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Friday, March 24, 2017
Dave Stewart SJ writes from Dar es Salaam (ii)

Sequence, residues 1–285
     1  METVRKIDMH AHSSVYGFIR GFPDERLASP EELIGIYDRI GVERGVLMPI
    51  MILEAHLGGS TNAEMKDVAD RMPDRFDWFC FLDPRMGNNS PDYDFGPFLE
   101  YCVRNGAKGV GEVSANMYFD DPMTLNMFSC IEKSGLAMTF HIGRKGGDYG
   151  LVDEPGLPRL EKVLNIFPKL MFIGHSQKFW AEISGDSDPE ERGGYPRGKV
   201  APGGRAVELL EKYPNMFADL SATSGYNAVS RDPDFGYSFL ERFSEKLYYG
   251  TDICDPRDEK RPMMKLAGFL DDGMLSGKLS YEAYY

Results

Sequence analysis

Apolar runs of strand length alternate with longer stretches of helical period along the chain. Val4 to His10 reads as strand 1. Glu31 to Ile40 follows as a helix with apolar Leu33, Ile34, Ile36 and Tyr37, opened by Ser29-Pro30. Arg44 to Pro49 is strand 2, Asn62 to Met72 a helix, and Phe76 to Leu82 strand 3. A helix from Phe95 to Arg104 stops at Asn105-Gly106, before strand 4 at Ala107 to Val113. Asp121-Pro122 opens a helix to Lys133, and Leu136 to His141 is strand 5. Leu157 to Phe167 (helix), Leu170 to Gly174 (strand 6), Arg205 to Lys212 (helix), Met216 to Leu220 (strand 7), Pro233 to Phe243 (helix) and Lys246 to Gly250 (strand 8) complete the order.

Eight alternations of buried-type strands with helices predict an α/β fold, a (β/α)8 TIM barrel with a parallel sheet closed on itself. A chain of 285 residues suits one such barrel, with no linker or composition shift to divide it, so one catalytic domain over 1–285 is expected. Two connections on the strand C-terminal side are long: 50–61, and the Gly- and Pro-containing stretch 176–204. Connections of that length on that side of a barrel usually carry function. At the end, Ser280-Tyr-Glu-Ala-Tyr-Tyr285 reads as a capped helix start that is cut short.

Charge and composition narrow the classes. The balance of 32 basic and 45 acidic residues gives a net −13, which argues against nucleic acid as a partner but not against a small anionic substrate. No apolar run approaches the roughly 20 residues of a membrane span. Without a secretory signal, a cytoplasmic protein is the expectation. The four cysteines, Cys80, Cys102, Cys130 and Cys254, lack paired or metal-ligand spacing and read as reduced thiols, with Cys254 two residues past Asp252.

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¬†There is a Graham Greene feel about Dar es Salaam; discomfort and dust, perspiration and the harsh light on the faded stained buildings. Half- tyres, rocks and clumps of rye-grass jut out from the sandy roadside where once there might have been pavement, in better days. While you might not meet a sweating Scobie, the scene is set for him. As in so many African cities, minibus taxis are everywhere; here they are, in street-kiSwahili, Dalla-dallas. It looks and sounds chaotic yet there is an order to it; each one is plying a specified route, which is stencilled on the front panel below the windscreen. Street-kids are still in plentiful evidence, finding drivers a parking space, selling one of the many Dar daily papers, or household merchandise ≠ coat hangers, bars of soap, mobile covers, even saucepans. There's little that can't be bought on a street-corner. Very few of these kids actually beg. Mzungu! Mzungu! is the cry from the littler kids a little further out from the city centre. It means "white man" or "foreigner" and is usually meant as a friendly greeting; tourists would never come here. This is Mabibo Farasi, several kilometres from the City Centre. It's where, a decade ago, the Jesuits built a large secondary school, Loyola High. Here, over a thousand secondary pupils study a curriculum broadly similar to the British one. The students are smart, keen and respectful. Many are evidently ambitious. It's clear that the Jesuits have created a context for that ambition that would otherwise have not been possible. These could well be the future leaders in East Africa and it's the job of their Jesuit educators, in the Ignatian tradition, to ensure that they lead as men and women for others. Already, US volunteers form Jesuit Volunteers International come here and serve with distinction. The Jesuits' Inyasi House community is in the school grounds and is home to the Jesuits who work in the school and several who study in the University of Dar es Salaam. The community has been asked by the bishop to take charge of the contiguous parish of Mabibo Farasi. Fr Emmanuel SJ has just arrived to take over as the first Jesuit parish priest. Over two acres of good flat ground, with water and sewage services in place, has been acquired on which a primary school will be built, with construction about to commence. Part of my task here has been to open discussions with the Inyasi community Jesuits about our XVP volunteers coming here in the future, to help with this work and to learn, as I am doing, about how the Gospel is lived out today in East Africa.
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